The magical power of "genes"

By Razib Khan | December 6, 2010 9:05 pm

Liberal Überblogger Matthew Yglesias, Pulling Back The Curtain on Human Behavior:

People sometimes seem to think that you could forestall a Gattaca-esque scenario of genetic transparency through privacy laws. But it seems to me that you’d actually need to go stronger, and not only guarantee the right to not have your genetic information disclosed. To prevent the emergence of a near-universal disclosure equilibrium in a world of cheap genetic profiling over the long run, you’d need to ban voluntary disclosure. The mere fact that you don’t want a potential partner to know your DRD4 profile will tell her all she needs to know about you.

800px-Galton_experimentLet’s grant the power of genomics to predict behavior in this way. Let’s also neglect the real problems of banning this sort of thing in a world of commoditized sequencing or typing.* I have some news for Matt & company, there’s already a much more powerful way to behavior genetic profile someone: look at their family. Indians have long known this. So the big short-medium term problem is that getting your hands on the biodata of anyone’s family members is one-click away….

Update: A commenter points out that Yglesias may have been advocating such a position to expose the absurdity of it. I wondered that too, but wasn’t sure and thought perhaps he was serious. In any case, I think the commenter makes good points, so I retract the charge. Though the bigger point obviously still stands.

* Unless Matt has Victorian values I assume he could anticipate that it wouldn’t be too hard to get “DNA” from a prospective partner. How exactly a ban would work when there are places overseas doing sequencing I have no idea. It isn’t as if biological material is never sent through the mail.

CATEGORIZED UNDER: Behavior Genetics
MORE ABOUT: Behavior, Genes

Comments (5)

  1. elbowspeak

    I think it’s fair to say that, as he often does, Yglesias is pointing out the necessary conditions required for a specific outcome. For him, it’s rhetorical device used to highlight the absurdity of the position. He is certainly not advocating for such a ban. As I’m sure you read his blog frequently, you are aware that Yglesias is perhaps the most “free market” oriented liberal around. (Although there are many progressives who would object to calling him ‘liberal’ in the left wing sense). If people want cheap genomes, he would support it – whole hog.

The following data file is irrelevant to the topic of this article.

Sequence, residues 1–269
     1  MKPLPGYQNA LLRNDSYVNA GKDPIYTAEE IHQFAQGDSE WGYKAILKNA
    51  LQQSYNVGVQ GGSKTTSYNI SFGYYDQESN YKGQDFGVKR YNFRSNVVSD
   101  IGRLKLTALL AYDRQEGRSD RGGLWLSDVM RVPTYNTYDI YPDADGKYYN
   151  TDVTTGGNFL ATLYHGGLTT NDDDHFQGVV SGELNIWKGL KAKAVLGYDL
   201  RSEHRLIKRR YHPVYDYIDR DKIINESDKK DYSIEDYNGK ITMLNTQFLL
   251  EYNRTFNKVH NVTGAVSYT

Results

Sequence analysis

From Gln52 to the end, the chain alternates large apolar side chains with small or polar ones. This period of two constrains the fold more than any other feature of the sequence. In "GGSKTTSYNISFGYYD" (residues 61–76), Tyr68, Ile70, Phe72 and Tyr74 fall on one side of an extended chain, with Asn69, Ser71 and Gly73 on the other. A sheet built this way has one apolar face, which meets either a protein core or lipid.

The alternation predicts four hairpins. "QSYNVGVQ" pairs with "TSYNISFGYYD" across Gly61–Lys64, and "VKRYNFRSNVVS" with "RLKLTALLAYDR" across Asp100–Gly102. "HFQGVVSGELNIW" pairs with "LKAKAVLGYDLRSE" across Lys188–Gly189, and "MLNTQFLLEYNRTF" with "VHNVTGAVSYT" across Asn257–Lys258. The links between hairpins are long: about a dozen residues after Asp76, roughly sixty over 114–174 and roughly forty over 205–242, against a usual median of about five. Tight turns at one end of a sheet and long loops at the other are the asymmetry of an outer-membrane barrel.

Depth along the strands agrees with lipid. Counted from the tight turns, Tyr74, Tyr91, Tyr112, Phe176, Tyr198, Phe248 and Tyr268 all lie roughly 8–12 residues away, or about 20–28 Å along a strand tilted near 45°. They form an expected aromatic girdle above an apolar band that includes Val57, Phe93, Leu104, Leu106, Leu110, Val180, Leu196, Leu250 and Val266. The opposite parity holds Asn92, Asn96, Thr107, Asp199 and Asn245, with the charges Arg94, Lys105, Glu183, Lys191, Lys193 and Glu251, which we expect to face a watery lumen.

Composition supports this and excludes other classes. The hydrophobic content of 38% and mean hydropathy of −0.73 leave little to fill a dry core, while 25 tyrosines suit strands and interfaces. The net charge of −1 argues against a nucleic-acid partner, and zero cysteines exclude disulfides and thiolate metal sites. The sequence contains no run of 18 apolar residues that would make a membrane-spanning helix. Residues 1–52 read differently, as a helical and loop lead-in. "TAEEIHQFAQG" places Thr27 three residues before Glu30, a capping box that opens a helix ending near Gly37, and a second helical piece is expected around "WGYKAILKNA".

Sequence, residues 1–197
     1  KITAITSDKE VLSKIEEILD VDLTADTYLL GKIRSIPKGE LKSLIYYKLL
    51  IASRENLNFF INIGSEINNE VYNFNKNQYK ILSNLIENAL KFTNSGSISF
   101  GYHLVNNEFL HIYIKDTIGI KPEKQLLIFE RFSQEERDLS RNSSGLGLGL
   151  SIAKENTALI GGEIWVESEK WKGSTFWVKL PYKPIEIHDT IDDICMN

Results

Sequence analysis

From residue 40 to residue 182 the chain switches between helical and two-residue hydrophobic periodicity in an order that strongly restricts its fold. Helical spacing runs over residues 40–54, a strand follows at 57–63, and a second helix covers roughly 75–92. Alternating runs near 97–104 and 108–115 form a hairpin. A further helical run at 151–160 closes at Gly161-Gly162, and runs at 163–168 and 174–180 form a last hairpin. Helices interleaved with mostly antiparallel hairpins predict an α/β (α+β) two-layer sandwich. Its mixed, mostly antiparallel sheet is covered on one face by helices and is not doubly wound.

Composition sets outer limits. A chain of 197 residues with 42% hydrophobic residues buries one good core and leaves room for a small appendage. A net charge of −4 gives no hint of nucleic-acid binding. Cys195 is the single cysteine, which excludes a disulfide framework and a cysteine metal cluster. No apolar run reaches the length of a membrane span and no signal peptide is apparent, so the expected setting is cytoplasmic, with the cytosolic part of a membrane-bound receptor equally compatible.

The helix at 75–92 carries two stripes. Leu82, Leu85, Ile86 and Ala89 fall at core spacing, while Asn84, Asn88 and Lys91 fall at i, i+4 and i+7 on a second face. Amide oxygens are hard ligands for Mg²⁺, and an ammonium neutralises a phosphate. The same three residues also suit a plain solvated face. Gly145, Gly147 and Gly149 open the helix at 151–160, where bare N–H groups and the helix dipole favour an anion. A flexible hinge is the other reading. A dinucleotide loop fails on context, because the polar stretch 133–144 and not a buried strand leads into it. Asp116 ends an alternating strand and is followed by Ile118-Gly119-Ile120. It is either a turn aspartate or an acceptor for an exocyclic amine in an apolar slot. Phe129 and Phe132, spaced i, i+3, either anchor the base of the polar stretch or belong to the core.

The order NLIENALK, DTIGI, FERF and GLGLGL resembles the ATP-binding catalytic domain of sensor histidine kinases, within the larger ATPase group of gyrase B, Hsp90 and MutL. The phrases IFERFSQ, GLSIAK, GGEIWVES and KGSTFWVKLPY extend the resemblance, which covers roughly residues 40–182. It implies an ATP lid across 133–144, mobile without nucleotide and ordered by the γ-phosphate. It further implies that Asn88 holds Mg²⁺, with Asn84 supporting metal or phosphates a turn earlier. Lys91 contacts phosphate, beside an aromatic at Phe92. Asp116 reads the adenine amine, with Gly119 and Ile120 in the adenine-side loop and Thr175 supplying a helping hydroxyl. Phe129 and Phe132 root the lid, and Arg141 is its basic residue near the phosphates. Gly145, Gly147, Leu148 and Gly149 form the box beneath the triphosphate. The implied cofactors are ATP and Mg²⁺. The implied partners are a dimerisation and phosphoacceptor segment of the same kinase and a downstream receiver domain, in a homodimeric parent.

2. The next step in PC — ban research that contradicts the ideal of the Blank Slate.

  3. “The mere fact that you don’t want a potential partner to know your DRD4 profile will tell her all she needs to know about you.”

    That is a fantastic observation…and the fact that you WOULD want someone to know your genotype at a “personality” locus tells them far, far more about you than the actual genotype ever could. This is where personal genomics will go in popular culture and market place…a hokey meta-identity that will take on a life of its own in terms of products and services to match your genotype. Astrology, but worse.

    I think the DRD4/novelty thing didn’t hold up in larger samples?

  4. DRD4 has nothing on AVPR1a, the so called bad husband gene. This single gene accounts for essentially all of the heritability of marital satisfaction and divorce in a large Swedish sample.


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About Razib Khan

I have degrees in biology and biochemistry, a passion for genetics, history, and philosophy, and shrimp is my favorite food. In relation to nationality I'm a American Northwesterner, in politics I'm a reactionary, and as for religion I have none (I'm an atheist). If you want to know more, see the links at


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